On 21st June 1980 a memorial stone for George Eliot (Mary Ann Evans), novelist, was unveiled in Poets' Corner in Westminster Abbey. The sculptor was John Skelton and the inscription reads:
GEORGE ELIOT Mary Ann Evans 1819-1880 Buried at Highgate
Around the edge of the stone is:
The first condition of human goodness is something to love; the second something to reverence.
The stone is set between memorials to Dylan Thomas and W.H. Auden and the quote is taken from Scenes of Clerical Life. The stone was unveiled by Gordon Haight of Yale University, who also gave the address. Tenniel Evans, great-great nephew of the novelist and President of the George Eliot Fellowship gave a reading, as did Margaret Wolfit and Gabriel Woolf. A wreath of laurel and white flowers was laid on the stone by Mr A.F.Adams.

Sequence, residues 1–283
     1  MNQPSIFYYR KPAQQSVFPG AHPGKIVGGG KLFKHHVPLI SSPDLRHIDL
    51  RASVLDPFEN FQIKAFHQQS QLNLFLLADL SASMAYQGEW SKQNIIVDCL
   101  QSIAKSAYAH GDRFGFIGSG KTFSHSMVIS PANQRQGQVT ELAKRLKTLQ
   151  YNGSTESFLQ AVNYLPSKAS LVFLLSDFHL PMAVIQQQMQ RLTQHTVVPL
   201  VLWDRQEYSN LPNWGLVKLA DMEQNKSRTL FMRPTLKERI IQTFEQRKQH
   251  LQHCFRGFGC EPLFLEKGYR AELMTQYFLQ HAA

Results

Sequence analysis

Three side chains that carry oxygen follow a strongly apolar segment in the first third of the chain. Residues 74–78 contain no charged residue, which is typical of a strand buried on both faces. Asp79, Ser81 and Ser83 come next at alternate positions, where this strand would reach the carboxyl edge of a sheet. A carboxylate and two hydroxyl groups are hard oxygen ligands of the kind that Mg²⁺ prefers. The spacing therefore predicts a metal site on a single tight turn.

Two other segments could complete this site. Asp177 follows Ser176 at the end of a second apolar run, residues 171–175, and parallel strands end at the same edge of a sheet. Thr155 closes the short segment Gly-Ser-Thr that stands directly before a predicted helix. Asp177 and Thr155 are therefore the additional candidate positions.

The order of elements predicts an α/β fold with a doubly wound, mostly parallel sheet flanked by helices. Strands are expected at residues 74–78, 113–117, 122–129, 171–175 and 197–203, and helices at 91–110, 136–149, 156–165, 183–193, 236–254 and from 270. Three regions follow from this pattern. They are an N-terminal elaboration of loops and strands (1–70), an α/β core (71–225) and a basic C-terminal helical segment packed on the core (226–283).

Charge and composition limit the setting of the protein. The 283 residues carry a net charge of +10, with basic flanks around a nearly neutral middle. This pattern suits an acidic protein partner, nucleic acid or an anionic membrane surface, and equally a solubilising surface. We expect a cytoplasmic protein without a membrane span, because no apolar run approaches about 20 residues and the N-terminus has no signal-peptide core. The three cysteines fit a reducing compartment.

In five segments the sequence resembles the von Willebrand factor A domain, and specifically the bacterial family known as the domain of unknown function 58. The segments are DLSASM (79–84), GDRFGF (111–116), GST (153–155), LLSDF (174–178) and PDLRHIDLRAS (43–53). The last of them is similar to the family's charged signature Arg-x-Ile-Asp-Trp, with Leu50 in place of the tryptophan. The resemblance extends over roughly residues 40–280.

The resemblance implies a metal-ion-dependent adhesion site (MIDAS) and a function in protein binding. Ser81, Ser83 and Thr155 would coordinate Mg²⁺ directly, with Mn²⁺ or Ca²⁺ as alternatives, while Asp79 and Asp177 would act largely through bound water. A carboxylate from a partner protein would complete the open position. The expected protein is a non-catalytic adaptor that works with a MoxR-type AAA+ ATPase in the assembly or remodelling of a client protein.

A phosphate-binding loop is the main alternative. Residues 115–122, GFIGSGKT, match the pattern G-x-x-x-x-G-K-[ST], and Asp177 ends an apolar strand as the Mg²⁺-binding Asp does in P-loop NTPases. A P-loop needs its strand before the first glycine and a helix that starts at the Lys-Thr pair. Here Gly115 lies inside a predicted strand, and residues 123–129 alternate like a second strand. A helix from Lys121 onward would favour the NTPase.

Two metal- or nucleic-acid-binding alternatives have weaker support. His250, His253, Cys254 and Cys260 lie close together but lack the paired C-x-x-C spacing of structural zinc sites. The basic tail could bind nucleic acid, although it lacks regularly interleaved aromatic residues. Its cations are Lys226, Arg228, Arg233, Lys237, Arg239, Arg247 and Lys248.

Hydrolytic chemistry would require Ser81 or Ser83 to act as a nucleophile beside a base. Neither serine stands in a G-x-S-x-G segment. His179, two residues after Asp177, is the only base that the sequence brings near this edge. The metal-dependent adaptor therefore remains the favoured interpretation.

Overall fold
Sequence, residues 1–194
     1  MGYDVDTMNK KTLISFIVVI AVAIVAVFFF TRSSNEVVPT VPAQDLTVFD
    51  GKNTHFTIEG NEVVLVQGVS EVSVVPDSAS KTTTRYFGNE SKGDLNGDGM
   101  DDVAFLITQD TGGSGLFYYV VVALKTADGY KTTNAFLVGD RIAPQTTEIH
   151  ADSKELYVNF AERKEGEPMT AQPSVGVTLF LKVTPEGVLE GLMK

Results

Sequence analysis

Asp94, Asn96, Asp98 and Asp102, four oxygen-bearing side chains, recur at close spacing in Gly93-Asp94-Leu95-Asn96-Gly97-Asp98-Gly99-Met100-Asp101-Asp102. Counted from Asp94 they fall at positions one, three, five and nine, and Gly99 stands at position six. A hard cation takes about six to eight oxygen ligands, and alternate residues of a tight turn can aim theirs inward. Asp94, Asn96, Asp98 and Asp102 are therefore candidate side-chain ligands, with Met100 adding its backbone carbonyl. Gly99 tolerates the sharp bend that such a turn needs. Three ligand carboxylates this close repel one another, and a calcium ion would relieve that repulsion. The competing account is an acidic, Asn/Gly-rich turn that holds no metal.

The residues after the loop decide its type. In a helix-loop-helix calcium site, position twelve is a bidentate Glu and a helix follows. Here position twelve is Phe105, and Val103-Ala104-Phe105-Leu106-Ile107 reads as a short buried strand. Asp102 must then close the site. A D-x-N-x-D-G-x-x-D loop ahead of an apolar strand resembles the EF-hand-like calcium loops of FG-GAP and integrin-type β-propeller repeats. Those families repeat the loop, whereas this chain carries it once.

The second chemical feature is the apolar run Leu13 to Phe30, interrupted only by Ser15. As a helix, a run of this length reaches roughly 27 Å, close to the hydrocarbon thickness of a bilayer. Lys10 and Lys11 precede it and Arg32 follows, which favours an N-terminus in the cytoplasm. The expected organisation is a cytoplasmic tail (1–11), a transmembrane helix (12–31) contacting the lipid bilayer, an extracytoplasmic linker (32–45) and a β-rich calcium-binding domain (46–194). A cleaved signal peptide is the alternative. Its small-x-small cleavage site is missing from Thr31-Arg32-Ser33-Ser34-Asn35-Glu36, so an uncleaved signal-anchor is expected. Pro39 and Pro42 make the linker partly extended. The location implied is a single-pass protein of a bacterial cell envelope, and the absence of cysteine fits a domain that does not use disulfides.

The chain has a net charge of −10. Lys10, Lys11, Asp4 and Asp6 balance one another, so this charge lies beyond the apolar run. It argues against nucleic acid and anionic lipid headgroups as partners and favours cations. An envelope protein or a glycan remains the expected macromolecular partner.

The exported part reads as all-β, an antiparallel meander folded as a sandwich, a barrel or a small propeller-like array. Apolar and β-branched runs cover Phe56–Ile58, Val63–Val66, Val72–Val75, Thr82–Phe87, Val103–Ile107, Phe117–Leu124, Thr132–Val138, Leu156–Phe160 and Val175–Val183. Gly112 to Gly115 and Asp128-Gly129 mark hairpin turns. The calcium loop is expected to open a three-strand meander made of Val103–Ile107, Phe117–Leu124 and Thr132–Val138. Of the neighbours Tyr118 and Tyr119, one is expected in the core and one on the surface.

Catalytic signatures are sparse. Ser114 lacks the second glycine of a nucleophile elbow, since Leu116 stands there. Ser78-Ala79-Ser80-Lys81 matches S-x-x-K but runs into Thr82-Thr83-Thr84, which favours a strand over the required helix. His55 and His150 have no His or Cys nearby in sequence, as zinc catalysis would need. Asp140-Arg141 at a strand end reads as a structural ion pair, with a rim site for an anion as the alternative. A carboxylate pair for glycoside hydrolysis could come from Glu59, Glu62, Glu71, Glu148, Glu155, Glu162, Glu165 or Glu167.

Mary Ann Evans was born at South Farm, Arbury near Nuneaton on 22nd November 1819. In 1841 she moved to Coventry and she later travelled abroad. Back in London she edited the Westminster Review. In 1854 she went to Germany with George Henry Lewes and lived with him there. Her first work of fiction was Scenes from Clerical Life, a book about people and places in her native town, followed by Adam Bede, published under the nom de plume George Eliot. Her other well-known works are Mill on the Floss and Middlemarch. In May 1880 she married a banker John Walter Cross but died a few months later on 22nd December 1880. She is buried at Highgate cemetery in London. Many modern critics regard her as the greatest novelist of the 19th century.